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A moving moment, elderly parents are reunited with their 40-year-old son after he is kidnapped

This is the moving moment when 38 years after his kidnapping, two elderly Chinese parents reunite with their long-lost son.

The 70-year-old man and his wife had prayed for the past 40 years for the return of their child, nicknamed Jin Shui, who was snatched from their home in 1982 at the age of two.

Emotional images show the family burst into tears when they finally had to hug each other again today after police tracked down the son using a national DNA database.

This is the moving moment when 38 years after his kidnapping, two elderly Chinese parents reunite with their long-lost son. Emotional images show the family bursting into tears

This is the moving moment when 38 years after his kidnapping, two elderly Chinese parents reunite with their long-lost son. Emotional images show the family bursting into tears

The boy, nicknamed Jin Shui, who was snatched from their home in 1982 at the age of two

The boy, nicknamed Jin Shui, who was snatched from their home in 1982 at the age of two

The boy, nicknamed Jin Shui, who was snatched from their home in 1982 at the age of two

Emotional images show the family burst into tears when they finally had to hug again today after police tracked down the son using a national DNA database

Emotional images show the family burst into tears when they finally had to hug again today after police tracked down the son using a national DNA database

Emotional images show the family burst into tears when they finally had to hug again today after police tracked down the son using a national DNA database

The family from a remote village in the northwestern Chinese province of Shaanxi had lived a simple and happy life before it all fell apart at the wee hour of May 12, 1982.

The father, Su Bingde, had left the house earlier that day to visit a relative, local media reported. Assuming he would return at night, Mr. Su did not lock the house while his wife and two children stayed at home.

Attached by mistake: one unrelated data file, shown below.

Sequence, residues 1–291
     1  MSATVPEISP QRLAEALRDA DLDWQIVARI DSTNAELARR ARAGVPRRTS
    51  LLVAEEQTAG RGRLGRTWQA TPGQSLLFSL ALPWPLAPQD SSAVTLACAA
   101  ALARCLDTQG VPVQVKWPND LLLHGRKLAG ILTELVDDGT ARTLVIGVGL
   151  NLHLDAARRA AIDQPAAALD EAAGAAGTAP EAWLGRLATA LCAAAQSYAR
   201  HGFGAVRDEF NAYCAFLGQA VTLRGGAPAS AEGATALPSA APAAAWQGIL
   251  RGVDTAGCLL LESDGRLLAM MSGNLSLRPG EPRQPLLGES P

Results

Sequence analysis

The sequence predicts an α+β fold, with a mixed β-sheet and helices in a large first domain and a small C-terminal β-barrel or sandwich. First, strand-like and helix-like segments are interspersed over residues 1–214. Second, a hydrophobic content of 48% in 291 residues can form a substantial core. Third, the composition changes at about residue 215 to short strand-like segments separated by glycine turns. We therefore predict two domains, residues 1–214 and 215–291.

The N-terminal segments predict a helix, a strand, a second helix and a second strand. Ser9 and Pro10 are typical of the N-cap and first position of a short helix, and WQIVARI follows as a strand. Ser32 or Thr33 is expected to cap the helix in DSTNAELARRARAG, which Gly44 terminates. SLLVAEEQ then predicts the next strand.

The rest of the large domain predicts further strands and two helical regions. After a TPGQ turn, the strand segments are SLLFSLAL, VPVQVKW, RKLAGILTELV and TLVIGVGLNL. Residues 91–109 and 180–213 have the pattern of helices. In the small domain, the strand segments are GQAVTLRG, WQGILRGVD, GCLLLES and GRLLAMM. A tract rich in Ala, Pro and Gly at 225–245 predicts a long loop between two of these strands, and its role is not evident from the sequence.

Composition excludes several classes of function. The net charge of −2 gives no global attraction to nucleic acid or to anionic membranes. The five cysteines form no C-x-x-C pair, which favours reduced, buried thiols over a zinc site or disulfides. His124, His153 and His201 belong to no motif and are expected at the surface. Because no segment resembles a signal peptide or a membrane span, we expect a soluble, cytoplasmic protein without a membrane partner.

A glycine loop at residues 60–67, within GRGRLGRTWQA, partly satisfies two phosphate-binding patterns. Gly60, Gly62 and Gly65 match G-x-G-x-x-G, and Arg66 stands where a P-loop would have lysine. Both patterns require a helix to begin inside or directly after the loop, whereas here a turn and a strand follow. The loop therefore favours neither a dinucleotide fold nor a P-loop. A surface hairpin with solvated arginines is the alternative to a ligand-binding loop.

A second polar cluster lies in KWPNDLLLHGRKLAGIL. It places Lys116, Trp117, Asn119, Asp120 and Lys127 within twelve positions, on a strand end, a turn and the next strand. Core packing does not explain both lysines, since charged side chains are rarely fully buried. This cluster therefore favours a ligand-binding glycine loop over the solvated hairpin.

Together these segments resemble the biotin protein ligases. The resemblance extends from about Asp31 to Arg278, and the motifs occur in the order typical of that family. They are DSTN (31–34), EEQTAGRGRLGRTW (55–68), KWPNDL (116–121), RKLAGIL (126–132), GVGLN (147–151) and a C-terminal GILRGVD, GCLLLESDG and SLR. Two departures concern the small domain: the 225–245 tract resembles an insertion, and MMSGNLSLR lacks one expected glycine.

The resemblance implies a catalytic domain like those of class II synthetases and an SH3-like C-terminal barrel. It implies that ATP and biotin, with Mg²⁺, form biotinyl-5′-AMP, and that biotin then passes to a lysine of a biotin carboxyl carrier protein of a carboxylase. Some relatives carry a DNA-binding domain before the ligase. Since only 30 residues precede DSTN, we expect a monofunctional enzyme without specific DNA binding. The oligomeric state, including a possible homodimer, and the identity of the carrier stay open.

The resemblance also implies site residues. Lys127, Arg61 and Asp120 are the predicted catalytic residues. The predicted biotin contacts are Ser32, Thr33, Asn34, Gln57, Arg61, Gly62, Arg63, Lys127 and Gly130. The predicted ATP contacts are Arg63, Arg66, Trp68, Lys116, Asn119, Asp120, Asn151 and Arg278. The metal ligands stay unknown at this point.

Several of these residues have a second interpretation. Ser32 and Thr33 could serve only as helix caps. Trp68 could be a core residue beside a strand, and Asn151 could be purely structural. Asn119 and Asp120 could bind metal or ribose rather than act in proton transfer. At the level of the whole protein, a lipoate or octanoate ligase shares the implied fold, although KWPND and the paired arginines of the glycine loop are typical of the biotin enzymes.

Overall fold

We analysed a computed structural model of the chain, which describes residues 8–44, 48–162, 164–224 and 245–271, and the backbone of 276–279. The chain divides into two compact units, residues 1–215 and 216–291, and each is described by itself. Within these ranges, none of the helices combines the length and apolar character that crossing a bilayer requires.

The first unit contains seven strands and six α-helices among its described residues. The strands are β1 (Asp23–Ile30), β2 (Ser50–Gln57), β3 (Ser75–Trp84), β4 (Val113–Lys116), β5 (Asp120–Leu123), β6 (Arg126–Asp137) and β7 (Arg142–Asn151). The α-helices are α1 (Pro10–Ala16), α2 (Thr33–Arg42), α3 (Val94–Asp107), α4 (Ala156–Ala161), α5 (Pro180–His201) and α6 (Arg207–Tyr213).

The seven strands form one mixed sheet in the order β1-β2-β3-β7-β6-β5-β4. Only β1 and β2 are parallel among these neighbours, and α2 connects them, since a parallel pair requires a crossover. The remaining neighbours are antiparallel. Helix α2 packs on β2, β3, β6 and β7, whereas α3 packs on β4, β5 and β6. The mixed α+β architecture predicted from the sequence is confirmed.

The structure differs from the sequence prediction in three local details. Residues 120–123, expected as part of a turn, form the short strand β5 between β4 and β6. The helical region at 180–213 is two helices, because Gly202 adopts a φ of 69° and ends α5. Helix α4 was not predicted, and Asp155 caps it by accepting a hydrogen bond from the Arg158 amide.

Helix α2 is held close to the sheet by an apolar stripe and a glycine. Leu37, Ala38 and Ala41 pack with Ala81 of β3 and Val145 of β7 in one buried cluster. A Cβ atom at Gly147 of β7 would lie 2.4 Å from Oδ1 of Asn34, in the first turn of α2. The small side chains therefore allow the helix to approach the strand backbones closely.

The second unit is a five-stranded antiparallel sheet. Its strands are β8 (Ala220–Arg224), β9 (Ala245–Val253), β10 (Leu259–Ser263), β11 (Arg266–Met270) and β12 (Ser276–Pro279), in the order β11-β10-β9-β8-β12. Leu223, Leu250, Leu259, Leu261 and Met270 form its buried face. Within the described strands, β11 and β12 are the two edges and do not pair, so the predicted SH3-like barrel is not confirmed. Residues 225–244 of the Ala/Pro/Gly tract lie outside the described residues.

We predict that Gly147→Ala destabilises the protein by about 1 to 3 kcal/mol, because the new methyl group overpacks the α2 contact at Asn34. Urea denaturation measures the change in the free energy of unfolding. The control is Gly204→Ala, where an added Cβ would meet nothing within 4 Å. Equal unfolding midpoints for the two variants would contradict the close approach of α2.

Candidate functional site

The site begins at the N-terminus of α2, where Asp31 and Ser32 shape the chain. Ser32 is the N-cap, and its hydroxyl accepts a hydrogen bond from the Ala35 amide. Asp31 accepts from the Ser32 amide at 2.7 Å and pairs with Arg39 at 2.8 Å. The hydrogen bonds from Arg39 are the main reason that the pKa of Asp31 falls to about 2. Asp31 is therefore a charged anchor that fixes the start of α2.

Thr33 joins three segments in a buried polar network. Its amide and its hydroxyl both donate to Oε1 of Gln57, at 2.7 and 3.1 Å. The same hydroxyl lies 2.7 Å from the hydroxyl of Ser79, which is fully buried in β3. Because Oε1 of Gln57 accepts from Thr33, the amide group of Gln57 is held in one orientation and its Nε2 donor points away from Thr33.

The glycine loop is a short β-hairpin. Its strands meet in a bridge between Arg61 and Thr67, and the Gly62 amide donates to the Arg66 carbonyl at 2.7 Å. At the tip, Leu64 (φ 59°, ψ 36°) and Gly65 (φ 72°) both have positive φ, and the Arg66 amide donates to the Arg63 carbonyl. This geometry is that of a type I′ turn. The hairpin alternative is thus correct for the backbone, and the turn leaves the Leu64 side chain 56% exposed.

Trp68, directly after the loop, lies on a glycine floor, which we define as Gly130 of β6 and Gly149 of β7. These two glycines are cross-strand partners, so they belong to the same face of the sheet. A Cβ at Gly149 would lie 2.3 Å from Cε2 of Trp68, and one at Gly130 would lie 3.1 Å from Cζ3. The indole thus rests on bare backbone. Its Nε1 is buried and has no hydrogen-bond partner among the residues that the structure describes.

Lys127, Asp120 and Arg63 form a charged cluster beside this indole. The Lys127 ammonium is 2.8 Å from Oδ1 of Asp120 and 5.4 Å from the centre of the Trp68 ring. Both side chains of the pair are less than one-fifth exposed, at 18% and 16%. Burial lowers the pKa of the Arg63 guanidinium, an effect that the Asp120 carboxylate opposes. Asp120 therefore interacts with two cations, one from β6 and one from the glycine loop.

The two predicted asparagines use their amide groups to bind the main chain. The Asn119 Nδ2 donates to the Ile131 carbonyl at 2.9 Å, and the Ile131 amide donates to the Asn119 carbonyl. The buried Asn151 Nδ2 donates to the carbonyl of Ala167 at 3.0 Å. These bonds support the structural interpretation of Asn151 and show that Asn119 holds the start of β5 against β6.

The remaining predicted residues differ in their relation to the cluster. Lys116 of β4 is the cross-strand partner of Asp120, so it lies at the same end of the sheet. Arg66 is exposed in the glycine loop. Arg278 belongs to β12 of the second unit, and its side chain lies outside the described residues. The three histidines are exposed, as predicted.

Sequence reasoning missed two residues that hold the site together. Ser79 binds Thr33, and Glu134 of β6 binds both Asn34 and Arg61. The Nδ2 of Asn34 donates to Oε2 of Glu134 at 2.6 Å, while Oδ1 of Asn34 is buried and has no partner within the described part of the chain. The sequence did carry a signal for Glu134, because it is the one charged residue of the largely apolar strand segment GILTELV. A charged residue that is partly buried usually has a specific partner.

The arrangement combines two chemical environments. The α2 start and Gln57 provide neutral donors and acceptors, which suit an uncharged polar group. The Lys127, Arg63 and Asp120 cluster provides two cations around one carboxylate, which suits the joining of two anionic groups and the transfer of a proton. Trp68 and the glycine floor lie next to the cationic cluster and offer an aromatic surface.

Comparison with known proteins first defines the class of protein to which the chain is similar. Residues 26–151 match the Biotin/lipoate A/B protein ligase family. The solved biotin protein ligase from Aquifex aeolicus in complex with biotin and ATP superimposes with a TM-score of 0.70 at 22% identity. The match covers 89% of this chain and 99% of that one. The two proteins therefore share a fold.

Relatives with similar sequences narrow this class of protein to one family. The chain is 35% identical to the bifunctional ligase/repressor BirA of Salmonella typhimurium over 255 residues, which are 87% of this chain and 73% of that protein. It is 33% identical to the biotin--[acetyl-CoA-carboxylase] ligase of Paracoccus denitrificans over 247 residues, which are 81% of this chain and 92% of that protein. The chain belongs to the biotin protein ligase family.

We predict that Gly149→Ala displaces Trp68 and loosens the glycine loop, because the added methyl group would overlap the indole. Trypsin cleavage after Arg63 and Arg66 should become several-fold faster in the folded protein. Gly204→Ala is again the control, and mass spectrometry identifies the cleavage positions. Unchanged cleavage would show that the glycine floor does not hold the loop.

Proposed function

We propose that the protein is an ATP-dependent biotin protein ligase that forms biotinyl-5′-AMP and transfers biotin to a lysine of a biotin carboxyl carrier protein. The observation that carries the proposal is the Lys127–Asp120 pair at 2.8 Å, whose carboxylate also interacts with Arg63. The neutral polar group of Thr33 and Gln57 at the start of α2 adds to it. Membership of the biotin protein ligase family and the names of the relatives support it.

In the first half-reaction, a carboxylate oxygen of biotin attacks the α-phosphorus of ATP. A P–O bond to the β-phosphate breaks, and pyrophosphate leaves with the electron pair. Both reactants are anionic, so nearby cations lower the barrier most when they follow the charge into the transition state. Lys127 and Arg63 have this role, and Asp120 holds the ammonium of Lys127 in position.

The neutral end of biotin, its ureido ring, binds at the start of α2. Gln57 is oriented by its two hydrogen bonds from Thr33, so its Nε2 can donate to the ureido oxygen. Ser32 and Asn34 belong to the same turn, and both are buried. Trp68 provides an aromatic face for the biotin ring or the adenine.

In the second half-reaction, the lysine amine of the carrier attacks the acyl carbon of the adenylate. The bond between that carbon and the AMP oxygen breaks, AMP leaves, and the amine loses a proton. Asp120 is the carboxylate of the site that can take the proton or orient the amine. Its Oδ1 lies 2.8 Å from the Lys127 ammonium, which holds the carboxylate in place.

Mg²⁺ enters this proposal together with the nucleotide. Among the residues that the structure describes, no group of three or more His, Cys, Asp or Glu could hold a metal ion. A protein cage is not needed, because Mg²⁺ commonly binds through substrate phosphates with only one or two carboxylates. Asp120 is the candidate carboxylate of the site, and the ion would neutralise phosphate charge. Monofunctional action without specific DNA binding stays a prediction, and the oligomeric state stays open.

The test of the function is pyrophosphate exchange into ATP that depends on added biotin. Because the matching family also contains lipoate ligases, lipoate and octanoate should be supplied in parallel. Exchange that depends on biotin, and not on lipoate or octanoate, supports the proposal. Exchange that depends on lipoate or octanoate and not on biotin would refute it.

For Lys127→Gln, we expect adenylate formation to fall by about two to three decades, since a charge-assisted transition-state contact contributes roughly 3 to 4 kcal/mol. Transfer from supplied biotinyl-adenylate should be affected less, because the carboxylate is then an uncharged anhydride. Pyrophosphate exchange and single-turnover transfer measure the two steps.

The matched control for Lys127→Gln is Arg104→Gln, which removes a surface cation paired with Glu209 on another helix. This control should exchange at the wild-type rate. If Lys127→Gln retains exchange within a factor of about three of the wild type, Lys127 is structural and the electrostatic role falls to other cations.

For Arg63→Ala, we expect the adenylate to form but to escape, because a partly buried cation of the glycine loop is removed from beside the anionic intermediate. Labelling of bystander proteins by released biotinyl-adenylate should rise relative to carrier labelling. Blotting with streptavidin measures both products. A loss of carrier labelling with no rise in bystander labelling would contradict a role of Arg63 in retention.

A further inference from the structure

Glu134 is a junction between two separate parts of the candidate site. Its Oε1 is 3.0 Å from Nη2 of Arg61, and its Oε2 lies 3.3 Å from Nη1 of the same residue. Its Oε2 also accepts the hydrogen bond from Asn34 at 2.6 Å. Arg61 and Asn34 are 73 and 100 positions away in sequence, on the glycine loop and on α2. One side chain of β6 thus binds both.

But the father was unable to get home while the mother, Huang Renxiu, put the children to bed.

Early in the morning, Mrs. Huang was awakened by her daughter who wanted to use the toilet.

The mother was shocked to discover that her two-year-old son Jin Shui, who was fast asleep next to her, had suddenly disappeared.

Mrs. Huang immediately contacted her husband and other villagers while they spent the rest of the night looking for the toddler. But the little boy was nowhere to be seen.

The family refused to give up and then embarked on a ten-year search for their beloved child.

On September 17, the Chinese family finally met again after nearly four decades

On September 17, the Chinese family finally met again after nearly four decades

On September 17, the Chinese family finally met again after nearly four decades

The mother, Ms. Huang, is wiped away her tears at the reunion ceremony in Shaanxi today

The mother, Ms. Huang, is wiped away her tears at the reunion ceremony in Shaanxi today

The mother, Ms. Huang, is wiped away her tears at the reunion ceremony in Shaanxi today

Mr. Su began to go to other towns and cities in the hope of finding out information about the kidnapping of his son.

The poor villager usually traveled on foot to save money and sometimes spent hours non-stop.

Grief stricken the mother developed mental problems, which put more pressure on the devastated family.

Although local police launched an investigation shortly after Jin Shui’s disappearance, the agents were unable to resolve the case due to the remote location and limited information.

Nearly forty years later, the silver-haired parents still prayed that their long-lost son would return one day.

Mr. Li (in the middle of the photo) now has a family of his own with a wife and two sons. They live in Hebei Province, 1104 kilometers (686 miles) away from his biological parents. The photo shows the Chinese man with his wife and two sons sitting with his parents after 38 years